Virtual Water: Why Our Water Footprint Is much Higher than Often Thought

| By Leon Kirschgens & Jacqueline Plaster
Footbath pressure is not only measured for CO2 or plastic consumption. It also plays a role in water. Do you know how big your water footprint is?

Water consumption is highest in Europe and other Western countries. That's why people who are environmentally conscious often save on showers and washing. But they are just the tip of the iceberg. Read here what really matters when it comes to saving water.

123 liters. That's the average amount of liters a person in Germany uses per day - for showering, washing and rinsing. In other western industrialized countries, consumption is similarly high due to similar lifestyles. There is no doubt about it: the amount is far too high if it were to be the standard for all people worldwide. But the situation looks even more dramatic when you look at the true water footprint. This comes to an unbelievable 3900 liters per day and per person per month in Germany. Here, too, the amount of liters is comparable to that in other Western countries. But how does this huge difference come about? The answer is provided by what is known as virtual water.
Virtual water is the amount of water used to manufacture a product or provide a service. This includes water consumption in the entire production chain, i.e. for cultivation or extraction of raw materials, further processing and disposal of waste. A classic example is the production of a pair of jeans. On average, this requires about 8000 liters of water. It is primarily the cotton that consumes most of the water, but also the transport to Europe.
Now, it would be wrong to include the water consumption of a pair of jeans in the water footprint of a person every day. But in fact our consumption of clothes, food, electronics and many other things is so high that we use almost 4000 liters every day. There are 132 liters of virtual water in one cup of coffee alone.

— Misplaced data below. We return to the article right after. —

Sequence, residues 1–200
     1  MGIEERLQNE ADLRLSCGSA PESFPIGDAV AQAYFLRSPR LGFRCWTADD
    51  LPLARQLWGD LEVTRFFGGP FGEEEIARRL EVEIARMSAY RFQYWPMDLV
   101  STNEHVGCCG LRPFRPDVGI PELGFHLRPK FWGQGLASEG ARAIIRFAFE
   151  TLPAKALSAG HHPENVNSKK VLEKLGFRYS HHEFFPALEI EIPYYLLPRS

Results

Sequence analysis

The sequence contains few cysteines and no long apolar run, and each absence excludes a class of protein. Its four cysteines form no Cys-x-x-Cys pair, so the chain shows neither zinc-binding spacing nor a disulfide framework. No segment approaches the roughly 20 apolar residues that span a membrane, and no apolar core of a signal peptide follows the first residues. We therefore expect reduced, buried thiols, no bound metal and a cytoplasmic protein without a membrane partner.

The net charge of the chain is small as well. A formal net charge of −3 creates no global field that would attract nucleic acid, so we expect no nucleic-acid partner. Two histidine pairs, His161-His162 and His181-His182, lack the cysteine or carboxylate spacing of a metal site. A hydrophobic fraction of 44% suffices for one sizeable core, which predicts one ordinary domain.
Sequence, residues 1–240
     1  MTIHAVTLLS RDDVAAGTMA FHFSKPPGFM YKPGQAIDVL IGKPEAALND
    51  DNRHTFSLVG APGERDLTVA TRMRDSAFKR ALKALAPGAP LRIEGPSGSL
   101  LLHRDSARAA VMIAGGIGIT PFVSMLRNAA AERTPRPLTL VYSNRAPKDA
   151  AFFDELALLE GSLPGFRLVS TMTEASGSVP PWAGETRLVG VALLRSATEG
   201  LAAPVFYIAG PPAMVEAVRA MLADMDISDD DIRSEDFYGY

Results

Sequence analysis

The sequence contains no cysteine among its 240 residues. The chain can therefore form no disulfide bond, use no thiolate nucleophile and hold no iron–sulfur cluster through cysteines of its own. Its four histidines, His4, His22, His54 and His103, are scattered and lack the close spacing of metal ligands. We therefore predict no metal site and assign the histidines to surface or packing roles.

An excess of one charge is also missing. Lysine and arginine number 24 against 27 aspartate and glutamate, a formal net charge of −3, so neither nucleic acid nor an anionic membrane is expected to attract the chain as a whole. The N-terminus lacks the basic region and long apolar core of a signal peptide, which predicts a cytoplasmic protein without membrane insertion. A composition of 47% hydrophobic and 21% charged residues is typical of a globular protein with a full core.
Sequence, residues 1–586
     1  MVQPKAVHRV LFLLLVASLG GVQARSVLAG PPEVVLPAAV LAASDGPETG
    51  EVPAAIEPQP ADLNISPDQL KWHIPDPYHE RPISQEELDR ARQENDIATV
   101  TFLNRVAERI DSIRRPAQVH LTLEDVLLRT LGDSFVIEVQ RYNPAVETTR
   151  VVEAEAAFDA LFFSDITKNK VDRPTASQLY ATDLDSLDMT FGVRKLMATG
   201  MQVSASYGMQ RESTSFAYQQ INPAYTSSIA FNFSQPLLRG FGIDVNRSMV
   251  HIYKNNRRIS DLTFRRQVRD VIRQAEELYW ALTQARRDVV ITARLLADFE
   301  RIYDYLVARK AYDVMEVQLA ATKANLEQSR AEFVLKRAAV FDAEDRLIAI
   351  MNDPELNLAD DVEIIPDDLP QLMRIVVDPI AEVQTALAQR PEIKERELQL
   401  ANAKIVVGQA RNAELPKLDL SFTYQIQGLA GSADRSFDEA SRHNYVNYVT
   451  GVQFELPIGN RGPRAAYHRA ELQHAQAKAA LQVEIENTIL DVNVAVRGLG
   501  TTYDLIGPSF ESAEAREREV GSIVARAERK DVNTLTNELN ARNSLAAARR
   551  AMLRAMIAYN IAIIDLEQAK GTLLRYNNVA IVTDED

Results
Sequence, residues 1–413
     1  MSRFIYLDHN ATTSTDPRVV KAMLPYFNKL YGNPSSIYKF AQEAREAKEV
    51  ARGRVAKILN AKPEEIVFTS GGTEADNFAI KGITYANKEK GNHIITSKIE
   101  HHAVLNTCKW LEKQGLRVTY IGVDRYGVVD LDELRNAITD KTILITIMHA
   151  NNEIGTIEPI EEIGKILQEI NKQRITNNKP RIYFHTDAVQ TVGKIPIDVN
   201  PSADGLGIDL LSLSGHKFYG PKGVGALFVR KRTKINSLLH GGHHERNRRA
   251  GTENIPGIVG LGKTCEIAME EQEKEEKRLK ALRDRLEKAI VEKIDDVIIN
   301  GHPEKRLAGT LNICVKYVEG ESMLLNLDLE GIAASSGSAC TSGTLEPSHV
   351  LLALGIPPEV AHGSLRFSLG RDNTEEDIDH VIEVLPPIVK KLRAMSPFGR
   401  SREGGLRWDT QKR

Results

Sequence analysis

Our water consumption is to the detriment of the poorest people

So far, so bad. But some may now ask: What's the problem if the amount of water in my country is obviously available? It is not consumption in Europe that is the problem.
In fact, this question reveals many people's truncated view of the complex interplay between water, resources and consumer goods. Water consumption not only has an ecological dimension, but also a social one. Jeans are not made in the industrial area of Cologne, and cell phones are not assembled in the nearest Media Markt store. Nor are coffee beans grown in Munich's English Garden. They come from far away - depending on the product, mostly from South American, Asian and African countries such as Brazil, India and South Africa, where water is already scarce. So our high water consumption is actually not directly to our detriment - but all the more to the detriment of those people who, due to the geographical location of their country and the increasingly noticeable consequences of climate change. In short, our jeans not only exploit people in the Global South ecologically and economically, but also steal their water.

And it gets even more complex: Why we also need to distinguish virtual water

It gets even more complex when we look at the water footprint of a seemingly simple chocolate bar. It takes about 1720 liters of water to make 100 grams of chocolate. After all, it is almost exclusively rainwater that plays a role here and it is therefore less meaningful for the environmental footprint of a product. Rainwater is therefore also referred to as "green water".
In general, a distinction is made between blue, green and gray water. Blue water is surface and groundwater as found in rivers and lakes. Green water is rainwater that does not seep down to groundwater, but remains in the soil and is absorbed by plants. Gray water is fresh water that is treated and used for our sanitation systems.

Reducing the total footprint is not that complicated - if the willingness is there

So what can be done to actually reduce your own water consumption significantly? First of all, it's important to know: Of course, it's right to keep water consumption low, even when showering and washing. But that is by no means everything. It's the same with water as it is with CO2 and plastic footbaths: The less we consume in general - and that includes services - the lower our consumption. Those who truly live ecologically primarily maintain a simple lifestyle and limit themselves to those essential things that make them sustainably satisfied. And these rarely include material goods.